Pfizer Stops Phase 2 Clinical Studies of Domagrozumab in DMD Boys
The latest trial data failed to demonstrate domagrozumab’s potential to prevent disease progression or improve patient’s physical capacity, as assessed by mean changes (in seconds) from baseline in the 4 Stair Climb test compared to placebo.
Also, data collected with other secondary measures of effectiveness did not show signs of significant therapeutic effect in the domagrozumab-treated groups.
After a comprehensive review of the available data comprising at least one year of follow-up of all 121 DMD patients enrolled in the Phase 2 trial (NCT02310763), Pfizer decided to stop this study and an open-label extension study (NCT02907619). The company emphasized that the studies are not being halted due to safety reasons.
“We are disappointed by these results and while we are not progressing with the studies, the data will contribute to a greater understanding of this disease and we will evaluate the total data set to see if there is a place for this medicine in muscular diseases,” Seng Cheng, PhD, said in a press release. Cheng is senior vice president and chief scientific officer of Pfizer’s Rare Disease Research Unit.
The Phase 2 trial involved more than 60 clinical centers in the United States, Canada, Europe, and Japan. It enrolled boys aged 6 to 15 who had been diagnosed with DMD regardless of the underlying genetic mutation.
The study was planned to evaluate the safety and effectiveness of monthly administration of increasing dosage of domagrozumab in comparison with a placebo after one and two years of treatment.
The Phase 2 open-label extension study was designed to further explore the long-term safety and effectiveness of domagrozumab, following the patients for up to four years of treatment with the therapy.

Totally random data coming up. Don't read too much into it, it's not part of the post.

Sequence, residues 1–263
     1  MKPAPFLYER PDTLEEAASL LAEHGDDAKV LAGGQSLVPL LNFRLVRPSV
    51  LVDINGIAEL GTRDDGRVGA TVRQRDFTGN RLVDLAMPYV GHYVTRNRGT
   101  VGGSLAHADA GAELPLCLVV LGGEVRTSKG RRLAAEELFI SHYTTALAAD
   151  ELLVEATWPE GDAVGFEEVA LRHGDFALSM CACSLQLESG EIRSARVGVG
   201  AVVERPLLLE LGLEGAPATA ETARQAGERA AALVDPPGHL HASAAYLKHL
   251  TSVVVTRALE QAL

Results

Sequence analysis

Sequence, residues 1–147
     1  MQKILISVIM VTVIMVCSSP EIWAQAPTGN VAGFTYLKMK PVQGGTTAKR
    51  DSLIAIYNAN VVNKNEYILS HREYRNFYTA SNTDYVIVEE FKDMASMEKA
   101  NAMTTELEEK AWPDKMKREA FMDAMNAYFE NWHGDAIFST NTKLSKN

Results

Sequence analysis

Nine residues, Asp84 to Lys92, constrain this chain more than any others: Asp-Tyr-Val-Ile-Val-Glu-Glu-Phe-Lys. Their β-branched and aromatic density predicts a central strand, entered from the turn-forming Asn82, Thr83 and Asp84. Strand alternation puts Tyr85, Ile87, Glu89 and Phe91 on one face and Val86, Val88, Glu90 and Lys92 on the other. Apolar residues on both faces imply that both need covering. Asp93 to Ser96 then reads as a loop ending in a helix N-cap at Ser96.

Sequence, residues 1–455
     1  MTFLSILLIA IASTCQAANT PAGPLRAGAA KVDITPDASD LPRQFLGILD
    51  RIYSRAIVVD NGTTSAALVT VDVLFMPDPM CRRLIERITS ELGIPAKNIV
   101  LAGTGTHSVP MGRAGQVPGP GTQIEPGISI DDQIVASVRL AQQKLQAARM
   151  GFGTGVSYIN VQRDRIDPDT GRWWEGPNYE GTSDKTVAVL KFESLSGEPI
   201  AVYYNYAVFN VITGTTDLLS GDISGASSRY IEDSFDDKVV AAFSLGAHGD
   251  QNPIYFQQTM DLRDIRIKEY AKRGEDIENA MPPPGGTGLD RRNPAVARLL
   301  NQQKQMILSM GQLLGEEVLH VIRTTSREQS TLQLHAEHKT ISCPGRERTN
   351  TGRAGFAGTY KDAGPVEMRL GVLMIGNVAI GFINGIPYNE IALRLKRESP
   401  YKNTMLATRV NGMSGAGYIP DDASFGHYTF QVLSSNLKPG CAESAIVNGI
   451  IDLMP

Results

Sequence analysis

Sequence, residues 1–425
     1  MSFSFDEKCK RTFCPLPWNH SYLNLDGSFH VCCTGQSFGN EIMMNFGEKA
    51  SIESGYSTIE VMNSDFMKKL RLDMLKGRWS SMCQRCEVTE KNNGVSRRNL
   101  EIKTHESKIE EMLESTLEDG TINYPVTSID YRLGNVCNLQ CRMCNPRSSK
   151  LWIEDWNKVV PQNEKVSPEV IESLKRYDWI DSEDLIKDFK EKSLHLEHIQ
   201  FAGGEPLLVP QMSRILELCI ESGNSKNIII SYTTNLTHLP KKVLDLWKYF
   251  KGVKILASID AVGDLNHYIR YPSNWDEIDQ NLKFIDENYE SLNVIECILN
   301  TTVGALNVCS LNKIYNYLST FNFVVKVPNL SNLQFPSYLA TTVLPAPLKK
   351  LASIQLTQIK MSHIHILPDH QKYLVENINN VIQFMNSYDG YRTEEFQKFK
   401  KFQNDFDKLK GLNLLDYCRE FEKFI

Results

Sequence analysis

“We are extremely grateful to all those involved with this trial, especially the boys who participated, and their families,” Cheng said.
The company will continue to review the Phase 2 trial data to have a better understanding of the disease and the treatment features that could be of relevance. Pfizer said it will share the trial results with the scientific and patient community.
Despite the domagrozumab setback, Pfizer announced it will continue to develop new therapies for patients with DMD and other rare neuromuscular diseases. The company is currently exploring the potential of an investigational dystrophin gene therapy product, PF-06939926.
PF-06939926 is an investigational therapy that takes advantage of a widely used and safe carrier, the adeno-associated virus serotype 9 (AAV9) capsid, to transport a mini-version of functional dystrophin gene specifically to the muscles.
The investigational gene therapy was granted orphan drug and pediatric rare disease designations by the U.S. Food and Drug Administration, and Orphan Medical Product Designation by the European Medicines Agency in May 2017.
Its safety and early efficacy is currently being evaluated in Phase 1b clinical trial (NCT03362502) in DMD boys age 5 to 12. The trial is currently recruiting participants in several clinical sites in the United States.